Saturday, May 14, 2011

Parenting

I'm not a parent and the chances that I could ever be one are about zero. That makes me somewhat reluctant to offer advice to those who are. But I was a child once and I was a teacher of young people for thirty-five years, and I've known several thousand kids, so I do have opinions about parenting — and this paragraph seems right to me. Via Kevin DeYoung [who got it from Collin Hansen], a quotation from David Brooks's The Social Animal about "good enough" parenting:
If there is one thing developmental psychologists have learned over the years, it is that parents don’t have to be brilliant psychologists to succeed. They don’t have to be supremely gifted teachers. Most of the stuff parents do with flashcards and special drills and tutorials to hone their kids into perfect achievement machines don’t have any effect at all. Instead, parents just have to be good enough. They have to provide their kids with stable and predictable rhythms. They need to be able to fall in tune with their kids’ needs, combining warmth and discipline. They need to establish the secure emotional bonds that kids can fall back upon in the face of stress. They need to be there to provide living examples of how to cope with the problems of the world so that their children can develop unconscious models in their heads. (60-61)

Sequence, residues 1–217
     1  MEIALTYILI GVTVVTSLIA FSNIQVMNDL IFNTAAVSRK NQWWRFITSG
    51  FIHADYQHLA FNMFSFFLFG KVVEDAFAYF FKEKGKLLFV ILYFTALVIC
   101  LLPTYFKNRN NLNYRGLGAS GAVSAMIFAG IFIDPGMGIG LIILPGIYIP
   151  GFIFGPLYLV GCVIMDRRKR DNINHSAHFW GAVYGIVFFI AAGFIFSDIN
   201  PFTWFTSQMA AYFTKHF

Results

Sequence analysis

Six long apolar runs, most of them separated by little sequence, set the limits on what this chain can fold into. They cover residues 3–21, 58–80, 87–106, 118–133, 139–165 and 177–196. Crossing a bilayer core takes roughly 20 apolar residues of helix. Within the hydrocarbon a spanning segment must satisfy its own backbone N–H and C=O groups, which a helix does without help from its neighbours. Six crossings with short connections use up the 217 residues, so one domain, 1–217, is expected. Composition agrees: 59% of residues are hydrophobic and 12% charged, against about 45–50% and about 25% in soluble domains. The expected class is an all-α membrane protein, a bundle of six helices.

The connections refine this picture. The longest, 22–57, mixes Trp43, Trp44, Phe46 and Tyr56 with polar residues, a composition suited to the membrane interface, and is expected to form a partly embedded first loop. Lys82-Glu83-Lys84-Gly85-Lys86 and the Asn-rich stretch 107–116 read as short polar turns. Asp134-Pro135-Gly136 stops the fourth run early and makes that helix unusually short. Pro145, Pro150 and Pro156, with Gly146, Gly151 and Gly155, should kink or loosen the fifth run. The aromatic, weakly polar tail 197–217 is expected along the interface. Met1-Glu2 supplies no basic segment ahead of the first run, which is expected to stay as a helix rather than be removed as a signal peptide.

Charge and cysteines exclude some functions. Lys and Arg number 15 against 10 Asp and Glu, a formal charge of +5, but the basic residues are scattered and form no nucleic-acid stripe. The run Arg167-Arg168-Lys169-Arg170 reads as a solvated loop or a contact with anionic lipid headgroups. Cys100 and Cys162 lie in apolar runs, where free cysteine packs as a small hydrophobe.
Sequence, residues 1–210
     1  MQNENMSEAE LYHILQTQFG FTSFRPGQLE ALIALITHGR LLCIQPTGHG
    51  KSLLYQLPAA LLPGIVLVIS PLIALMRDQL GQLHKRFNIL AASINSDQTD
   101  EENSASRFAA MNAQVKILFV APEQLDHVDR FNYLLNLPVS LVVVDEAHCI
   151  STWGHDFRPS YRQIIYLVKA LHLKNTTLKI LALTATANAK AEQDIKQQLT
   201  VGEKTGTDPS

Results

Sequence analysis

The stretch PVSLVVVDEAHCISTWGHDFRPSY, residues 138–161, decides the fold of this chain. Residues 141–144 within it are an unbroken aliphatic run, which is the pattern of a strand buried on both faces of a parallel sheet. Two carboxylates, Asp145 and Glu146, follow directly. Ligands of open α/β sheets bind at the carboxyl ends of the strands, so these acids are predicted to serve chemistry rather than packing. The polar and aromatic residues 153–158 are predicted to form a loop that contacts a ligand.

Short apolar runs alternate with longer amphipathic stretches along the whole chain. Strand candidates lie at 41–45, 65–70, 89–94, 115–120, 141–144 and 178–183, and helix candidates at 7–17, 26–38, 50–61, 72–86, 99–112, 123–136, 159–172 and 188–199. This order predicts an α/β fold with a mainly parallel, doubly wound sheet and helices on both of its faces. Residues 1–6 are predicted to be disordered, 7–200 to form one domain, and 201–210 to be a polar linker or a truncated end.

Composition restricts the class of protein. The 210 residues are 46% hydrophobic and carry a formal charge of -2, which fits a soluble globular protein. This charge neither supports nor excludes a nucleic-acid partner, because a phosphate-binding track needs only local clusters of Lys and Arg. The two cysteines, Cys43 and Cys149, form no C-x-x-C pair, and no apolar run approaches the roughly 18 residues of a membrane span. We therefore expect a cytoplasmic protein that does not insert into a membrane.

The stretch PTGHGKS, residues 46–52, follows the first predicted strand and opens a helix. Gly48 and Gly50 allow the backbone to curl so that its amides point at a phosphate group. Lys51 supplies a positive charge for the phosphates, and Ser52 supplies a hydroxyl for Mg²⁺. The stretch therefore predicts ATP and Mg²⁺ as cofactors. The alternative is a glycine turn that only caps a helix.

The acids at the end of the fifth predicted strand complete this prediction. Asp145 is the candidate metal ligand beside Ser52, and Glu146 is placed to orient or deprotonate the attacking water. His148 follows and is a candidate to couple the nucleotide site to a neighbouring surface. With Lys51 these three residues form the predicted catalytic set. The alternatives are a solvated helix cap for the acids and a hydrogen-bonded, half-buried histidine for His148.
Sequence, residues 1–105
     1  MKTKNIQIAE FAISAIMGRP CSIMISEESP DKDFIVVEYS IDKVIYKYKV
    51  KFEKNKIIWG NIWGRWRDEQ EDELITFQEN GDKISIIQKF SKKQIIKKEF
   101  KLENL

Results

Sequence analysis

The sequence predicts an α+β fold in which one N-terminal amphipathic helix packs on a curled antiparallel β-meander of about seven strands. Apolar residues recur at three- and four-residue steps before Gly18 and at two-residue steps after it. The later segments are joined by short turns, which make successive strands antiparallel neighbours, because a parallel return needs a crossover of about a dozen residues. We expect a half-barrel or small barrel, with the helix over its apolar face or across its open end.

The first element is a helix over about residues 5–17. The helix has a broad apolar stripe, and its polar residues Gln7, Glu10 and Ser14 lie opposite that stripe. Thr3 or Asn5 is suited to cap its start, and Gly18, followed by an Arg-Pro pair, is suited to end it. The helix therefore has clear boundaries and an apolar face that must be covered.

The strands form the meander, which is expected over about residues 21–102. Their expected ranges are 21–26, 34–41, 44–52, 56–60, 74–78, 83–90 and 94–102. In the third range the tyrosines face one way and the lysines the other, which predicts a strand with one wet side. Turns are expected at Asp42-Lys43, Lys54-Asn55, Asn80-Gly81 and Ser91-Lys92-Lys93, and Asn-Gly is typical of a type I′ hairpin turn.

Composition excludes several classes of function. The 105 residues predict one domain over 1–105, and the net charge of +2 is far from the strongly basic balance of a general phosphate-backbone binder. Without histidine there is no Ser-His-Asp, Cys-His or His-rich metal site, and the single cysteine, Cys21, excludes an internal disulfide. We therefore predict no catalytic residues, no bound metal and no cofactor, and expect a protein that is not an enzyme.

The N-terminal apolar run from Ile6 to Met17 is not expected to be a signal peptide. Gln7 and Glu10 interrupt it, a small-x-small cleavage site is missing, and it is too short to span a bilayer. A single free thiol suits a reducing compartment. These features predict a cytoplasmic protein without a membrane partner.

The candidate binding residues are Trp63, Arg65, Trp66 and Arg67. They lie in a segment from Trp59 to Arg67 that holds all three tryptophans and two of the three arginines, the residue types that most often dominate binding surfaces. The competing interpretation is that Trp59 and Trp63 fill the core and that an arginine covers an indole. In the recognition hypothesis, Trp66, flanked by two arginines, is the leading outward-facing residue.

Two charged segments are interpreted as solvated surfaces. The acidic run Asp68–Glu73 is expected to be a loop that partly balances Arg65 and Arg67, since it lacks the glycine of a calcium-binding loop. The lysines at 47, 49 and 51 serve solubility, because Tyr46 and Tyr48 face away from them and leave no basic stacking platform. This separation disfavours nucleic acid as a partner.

The elements of "good enough" parenting:
  • Creating stable and predictable rhythms and routines
  • Meeting needs with both love and appropriate discipline
  • Providing a secure refuge from which to venture out
  • Being examples of good behavior
One of the hymn paraphrases of the 23rd Psalm ends with these words:

There would I find a settled rest,
While others go and come,
No more a stranger, nor a guest;
But like a child at home.

A "good enough" home seems like just about all anyone could want.

Good Enough – Kevin DeYoung, My Shepherd Will Supply My Need
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